by Gene Wolfe
I’ve noted before that Wolfe is a master of playing about with perceptions, those of his characters, and those of his readers. This novel sees those gifts in full effect, in telling a tale that’s largely about perception, and about the parts of a story we don't see. In essence, this is a narrative about a seasonal war of faerie taking place in the near vicinity of a midwestern town; but exactly what’s happening, and exactly what the stakes are, are left deliberately vague, lost in the interstices between the overlapping awarenesses of the point-of-view characters.
The novel follows the shape of a familiar myth, then, a seasonal conflict, an archetypal battle between kings, between the day and night, the summer and the winter ... though it’s not quite clear who’s playing what role. The small-town setting is almost too real, the characters too purely human, to be reduced to bit parts in a romance. Or, put another way, they're too large; from one point of view they're one character, from another another. Still, the structure of the myth takes over, and guides the story along; the characters are caught up in it, each seeing only a part of what’s actually happening. The story works because the characters are fundamentally believable — simple, many of them, but each with their passions and interests and emotions and moments of transcendence.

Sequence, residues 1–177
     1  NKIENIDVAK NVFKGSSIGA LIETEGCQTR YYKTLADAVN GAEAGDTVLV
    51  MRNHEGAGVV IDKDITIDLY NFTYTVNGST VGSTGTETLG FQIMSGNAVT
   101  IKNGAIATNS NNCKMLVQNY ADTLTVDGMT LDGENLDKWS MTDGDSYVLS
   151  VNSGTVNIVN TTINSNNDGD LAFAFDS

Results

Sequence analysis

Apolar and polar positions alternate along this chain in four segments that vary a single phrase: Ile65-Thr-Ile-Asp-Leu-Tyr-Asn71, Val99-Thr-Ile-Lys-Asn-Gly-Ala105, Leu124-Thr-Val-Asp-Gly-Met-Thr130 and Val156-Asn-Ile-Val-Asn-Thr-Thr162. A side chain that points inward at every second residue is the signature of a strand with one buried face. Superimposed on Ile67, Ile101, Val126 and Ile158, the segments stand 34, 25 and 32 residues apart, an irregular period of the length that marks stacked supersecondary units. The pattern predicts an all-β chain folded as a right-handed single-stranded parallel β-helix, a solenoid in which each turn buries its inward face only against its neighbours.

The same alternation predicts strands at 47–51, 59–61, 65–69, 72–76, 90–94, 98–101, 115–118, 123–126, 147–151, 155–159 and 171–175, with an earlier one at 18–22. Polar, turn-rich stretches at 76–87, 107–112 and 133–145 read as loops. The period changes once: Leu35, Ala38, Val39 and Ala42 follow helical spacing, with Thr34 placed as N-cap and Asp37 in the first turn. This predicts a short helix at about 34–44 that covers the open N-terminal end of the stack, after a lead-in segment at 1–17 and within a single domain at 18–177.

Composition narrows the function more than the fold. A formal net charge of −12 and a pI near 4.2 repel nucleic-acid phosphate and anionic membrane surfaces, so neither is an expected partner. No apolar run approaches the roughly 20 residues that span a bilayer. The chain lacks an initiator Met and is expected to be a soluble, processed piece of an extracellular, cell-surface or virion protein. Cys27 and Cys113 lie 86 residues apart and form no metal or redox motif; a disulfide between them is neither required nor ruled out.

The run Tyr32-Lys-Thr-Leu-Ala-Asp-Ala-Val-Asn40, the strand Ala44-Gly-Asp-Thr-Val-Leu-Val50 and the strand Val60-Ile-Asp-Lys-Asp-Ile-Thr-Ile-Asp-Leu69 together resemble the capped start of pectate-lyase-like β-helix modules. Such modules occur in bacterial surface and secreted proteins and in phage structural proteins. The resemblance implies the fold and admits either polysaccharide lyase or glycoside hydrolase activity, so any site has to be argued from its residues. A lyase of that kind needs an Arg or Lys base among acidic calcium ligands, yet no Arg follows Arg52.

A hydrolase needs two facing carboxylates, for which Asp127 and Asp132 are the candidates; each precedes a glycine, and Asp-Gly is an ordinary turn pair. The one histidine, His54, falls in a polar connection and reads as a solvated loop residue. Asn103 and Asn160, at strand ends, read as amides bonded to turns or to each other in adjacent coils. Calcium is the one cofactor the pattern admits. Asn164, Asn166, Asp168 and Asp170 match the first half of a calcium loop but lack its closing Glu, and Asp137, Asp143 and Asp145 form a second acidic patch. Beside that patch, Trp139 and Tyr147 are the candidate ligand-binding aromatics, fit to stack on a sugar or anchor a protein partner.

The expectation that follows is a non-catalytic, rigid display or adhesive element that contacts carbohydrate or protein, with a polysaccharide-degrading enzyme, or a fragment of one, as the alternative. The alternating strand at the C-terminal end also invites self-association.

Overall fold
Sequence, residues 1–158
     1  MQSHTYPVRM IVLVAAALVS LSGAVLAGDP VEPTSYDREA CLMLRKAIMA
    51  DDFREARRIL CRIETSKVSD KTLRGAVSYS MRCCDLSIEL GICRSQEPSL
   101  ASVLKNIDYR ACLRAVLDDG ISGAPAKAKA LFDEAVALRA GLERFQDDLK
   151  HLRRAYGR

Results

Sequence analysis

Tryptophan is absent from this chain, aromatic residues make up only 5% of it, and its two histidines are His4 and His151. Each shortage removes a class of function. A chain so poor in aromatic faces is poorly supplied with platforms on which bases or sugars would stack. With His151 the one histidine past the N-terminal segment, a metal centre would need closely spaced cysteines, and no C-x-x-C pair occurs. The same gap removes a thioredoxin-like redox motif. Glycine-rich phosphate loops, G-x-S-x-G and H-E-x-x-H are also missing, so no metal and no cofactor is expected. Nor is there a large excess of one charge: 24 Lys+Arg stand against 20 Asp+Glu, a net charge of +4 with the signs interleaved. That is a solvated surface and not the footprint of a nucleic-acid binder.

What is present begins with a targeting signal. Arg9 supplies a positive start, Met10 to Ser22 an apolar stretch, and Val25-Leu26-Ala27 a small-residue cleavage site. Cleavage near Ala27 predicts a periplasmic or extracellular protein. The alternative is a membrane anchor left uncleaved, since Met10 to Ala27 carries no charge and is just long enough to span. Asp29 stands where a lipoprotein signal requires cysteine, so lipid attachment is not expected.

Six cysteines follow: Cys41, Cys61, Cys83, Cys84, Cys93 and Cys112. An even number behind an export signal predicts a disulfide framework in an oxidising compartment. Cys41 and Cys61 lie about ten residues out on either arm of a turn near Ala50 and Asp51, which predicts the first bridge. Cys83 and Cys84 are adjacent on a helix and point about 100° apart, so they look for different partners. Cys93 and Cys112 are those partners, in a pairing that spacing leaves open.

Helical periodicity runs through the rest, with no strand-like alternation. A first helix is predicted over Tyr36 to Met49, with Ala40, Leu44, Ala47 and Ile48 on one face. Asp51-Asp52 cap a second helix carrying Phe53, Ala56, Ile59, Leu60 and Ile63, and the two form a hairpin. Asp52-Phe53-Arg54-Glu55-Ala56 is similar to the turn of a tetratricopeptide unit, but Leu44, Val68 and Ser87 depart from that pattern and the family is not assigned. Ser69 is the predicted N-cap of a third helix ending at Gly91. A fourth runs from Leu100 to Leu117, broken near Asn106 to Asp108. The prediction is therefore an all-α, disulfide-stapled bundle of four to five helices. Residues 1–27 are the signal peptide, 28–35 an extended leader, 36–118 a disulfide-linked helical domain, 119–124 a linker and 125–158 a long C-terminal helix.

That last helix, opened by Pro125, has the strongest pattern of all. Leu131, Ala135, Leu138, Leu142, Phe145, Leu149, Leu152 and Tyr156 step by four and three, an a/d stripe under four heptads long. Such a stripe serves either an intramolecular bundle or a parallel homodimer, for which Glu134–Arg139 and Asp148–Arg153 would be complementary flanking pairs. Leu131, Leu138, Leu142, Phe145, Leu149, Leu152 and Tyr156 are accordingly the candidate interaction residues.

The mythic apparatus is well-handled, as are the full-on incursions of fantasy. Wolfe modulates, as it were, the fully human and fully fantastic by including certain of his own archetypal characters — notably, a Merlin-like wise man figure (or is he Mephisto-like?), seeming now malevolent and now benign. It all comes together elegantly at the end, and leaves you with much to think on; much to try to understand.